photo-1502740479091-635887520276

Be alert: part of you is going to try to use the concept of an “emergency” to trick you into abandoning your goals. 

It’s not a matter of “if” or “maybe” this will happen. It’s GOING to happen. 

This is how our brains work when we try to make significant changes in our lives. Part of us immediately goes to work trying to figure out an end run around the changes we’re trying to make. 

Sometimes part of us does this because, deep down, we’re sorta scared about what those changes may mean in the big picture. 

Other times part of us tries to sabotage us because the changes we’re trying to make call for us to give up immediate gratification, and we’re wired to pursue immediate gratification whenever we get the opportunity. 

Whatever the reason, one of the most effective methods this part of us tries to use to get us to abandon our goals is by shouting, “EMERGENCY!” 

Maybe you’ve put yourself on a caloric budget or changed the types of food you eat in order to improve your health. It’s almost a sure bet that, sooner or later, part of you is going to try to confound this shift by telling you you NEED to eat whatever’s in front of you right now— it’s an EMERGENCY!

“You haven’t eaten anything ALL DAY. You’ve had a really BAD DAY. There’s nothing on your diet in the house. Making those changes would be nice, but we can’t do it right now— this is an EMERGENCY!” 

Maybe you’ve decided to stop communicating with a toxic person in your life. You can bet that part of you is going to try to collapse your resolve by telling you you NEED to contact this person— it’s an EMERGENCY!

“Yeah, yeah, I know, I said I wasn’t going to call them anymore, but there’s something I forgot to ask them. There’s something I need to tell them. I just need to know how they’re doing— it’s an EMERGENCY!” 

Do actual emergencies exist? Sure, of course they do. 

Do actual emergencies usually require us to abandon our goals? Usually they do not. Usually there is a way to respond to an actual emergency while continuing to hold fast to our goals. 

Our brains pull this stunt because we have associated the word “emergency” with the idea that “all rules are suspended.” A state of “emergency” is one in which we don’t have to pay attention to the long term consequences of our behavior— by definition, in an “emergency,” we have to concern ourselves with just surviving for the moment.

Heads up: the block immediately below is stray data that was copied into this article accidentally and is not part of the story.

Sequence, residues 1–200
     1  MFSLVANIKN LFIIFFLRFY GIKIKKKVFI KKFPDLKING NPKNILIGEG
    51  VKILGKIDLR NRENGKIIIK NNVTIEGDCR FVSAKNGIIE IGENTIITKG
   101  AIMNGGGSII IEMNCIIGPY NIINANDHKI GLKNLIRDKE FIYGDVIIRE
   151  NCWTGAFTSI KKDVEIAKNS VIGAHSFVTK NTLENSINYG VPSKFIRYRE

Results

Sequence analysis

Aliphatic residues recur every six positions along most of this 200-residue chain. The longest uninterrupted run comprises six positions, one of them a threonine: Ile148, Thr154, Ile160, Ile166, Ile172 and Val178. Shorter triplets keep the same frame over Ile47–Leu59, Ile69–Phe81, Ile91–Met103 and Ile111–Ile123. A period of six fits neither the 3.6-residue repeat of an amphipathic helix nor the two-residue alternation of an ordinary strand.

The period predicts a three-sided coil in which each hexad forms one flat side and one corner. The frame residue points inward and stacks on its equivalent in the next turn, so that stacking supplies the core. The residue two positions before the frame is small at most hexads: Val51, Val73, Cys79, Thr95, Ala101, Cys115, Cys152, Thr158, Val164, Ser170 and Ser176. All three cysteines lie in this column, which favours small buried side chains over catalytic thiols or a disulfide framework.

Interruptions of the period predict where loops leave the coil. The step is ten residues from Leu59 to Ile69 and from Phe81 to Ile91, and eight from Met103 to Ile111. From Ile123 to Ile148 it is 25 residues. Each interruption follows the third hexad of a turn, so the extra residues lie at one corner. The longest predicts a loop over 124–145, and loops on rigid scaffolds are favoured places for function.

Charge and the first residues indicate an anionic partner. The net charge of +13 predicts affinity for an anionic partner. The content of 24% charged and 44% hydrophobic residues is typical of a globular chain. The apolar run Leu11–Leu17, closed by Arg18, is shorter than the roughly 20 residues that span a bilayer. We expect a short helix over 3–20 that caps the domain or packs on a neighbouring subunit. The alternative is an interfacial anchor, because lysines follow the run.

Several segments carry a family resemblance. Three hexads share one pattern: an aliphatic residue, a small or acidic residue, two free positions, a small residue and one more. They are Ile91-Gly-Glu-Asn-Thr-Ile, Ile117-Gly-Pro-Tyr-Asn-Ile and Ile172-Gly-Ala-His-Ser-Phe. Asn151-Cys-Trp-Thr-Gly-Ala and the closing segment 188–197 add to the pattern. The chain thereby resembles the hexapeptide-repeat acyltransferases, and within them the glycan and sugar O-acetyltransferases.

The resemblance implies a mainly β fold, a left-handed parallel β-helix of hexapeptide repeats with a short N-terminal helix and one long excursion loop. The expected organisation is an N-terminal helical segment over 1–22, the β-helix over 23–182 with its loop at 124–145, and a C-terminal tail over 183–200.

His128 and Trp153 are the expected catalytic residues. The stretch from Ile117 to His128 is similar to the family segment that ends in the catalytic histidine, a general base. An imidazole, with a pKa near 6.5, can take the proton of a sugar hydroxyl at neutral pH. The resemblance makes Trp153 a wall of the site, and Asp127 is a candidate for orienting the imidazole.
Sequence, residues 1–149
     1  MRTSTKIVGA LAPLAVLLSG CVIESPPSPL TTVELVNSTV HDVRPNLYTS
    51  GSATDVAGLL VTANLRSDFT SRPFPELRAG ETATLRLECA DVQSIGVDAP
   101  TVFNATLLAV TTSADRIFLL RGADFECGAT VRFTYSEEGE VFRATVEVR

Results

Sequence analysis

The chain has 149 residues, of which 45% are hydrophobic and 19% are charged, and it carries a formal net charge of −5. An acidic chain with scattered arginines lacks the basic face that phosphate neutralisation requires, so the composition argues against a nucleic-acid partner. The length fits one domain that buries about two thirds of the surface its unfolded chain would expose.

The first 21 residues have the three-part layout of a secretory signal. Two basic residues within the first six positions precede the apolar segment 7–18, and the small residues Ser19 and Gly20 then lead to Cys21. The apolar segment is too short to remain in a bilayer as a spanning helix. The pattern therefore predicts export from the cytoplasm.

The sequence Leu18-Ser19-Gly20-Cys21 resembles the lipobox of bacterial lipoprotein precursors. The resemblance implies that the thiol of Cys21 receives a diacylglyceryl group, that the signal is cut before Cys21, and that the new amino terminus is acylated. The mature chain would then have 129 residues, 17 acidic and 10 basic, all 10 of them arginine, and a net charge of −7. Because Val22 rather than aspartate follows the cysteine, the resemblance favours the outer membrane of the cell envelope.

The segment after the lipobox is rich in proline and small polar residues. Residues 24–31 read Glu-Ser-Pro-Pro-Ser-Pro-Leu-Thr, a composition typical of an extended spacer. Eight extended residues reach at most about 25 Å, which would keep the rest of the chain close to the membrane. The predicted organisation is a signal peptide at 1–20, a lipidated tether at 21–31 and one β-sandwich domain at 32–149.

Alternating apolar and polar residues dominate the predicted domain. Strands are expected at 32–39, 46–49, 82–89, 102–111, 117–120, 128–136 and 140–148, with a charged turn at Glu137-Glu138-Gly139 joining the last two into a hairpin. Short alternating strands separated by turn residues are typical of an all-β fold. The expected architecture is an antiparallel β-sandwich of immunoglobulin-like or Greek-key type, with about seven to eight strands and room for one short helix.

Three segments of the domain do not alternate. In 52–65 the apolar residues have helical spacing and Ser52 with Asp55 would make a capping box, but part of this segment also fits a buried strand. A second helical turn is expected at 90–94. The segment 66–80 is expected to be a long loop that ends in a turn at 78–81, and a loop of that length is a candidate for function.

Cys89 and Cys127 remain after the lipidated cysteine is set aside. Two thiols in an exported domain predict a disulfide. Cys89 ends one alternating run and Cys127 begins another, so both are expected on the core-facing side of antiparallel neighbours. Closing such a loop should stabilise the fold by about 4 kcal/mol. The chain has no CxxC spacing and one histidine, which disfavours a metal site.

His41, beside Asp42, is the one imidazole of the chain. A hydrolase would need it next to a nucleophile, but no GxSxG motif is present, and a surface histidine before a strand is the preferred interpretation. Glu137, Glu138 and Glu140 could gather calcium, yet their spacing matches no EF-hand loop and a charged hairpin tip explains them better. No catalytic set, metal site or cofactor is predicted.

Lots of times, our “emergencies” aren’t real emergencies. Lots of times, we’re just looking for an excuse to suspend the rules we’ve imposed upon ourselves. 

Change is freaking us out, and we’re looking for a way to push the pause button. 

Let’s be clear about the fact that no one is expecting change to be easy. 

Let’s also be clear about the fact that very often we bit off more than we can actually chew when we’re trying to make changes to our lives. We go on a diet that is unreasonably restrictive. We set unreasonable standards for ourselves. We demand that we change without realistically assessing the “how” and “why” of those changes. 

If you need to reassess your goals and rules in order to successfully carry out your change program, do it.

But don’t create an imaginary “emergency” in order to push the pause button on change that’s just freaking you out.

A rise in your anxiety is not an “emergency.” 

It is what it is: an emotional fluctuation that requires regulation and response from you. 

No more, no less. 

You’re GOING to be anxious in the process of change. 

Plan for it. Expect it. Have ideas and lists ahead of time on how to cope with that anxiety when— not “if”— it arises. 

By that same token: plan for, expect, and have contingencies ready for when your brain tries to trick and sabotage you in order to keep you from changing. 

Again, it’s GOING to happen. It happens all the time. 

But your anxiety doesn’t get to choose whether you change. 

Only you do. 

One thought on “Your brain’s “emergency” scam.

Leave a Reply

Fill in your details below or click an icon to log in:

WordPress.com Logo

You are commenting using your WordPress.com account. Log Out /  Change )

Google photo

You are commenting using your Google account. Log Out /  Change )

Twitter picture

You are commenting using your Twitter account. Log Out /  Change )

Facebook photo

You are commenting using your Facebook account. Log Out /  Change )

Connecting to %s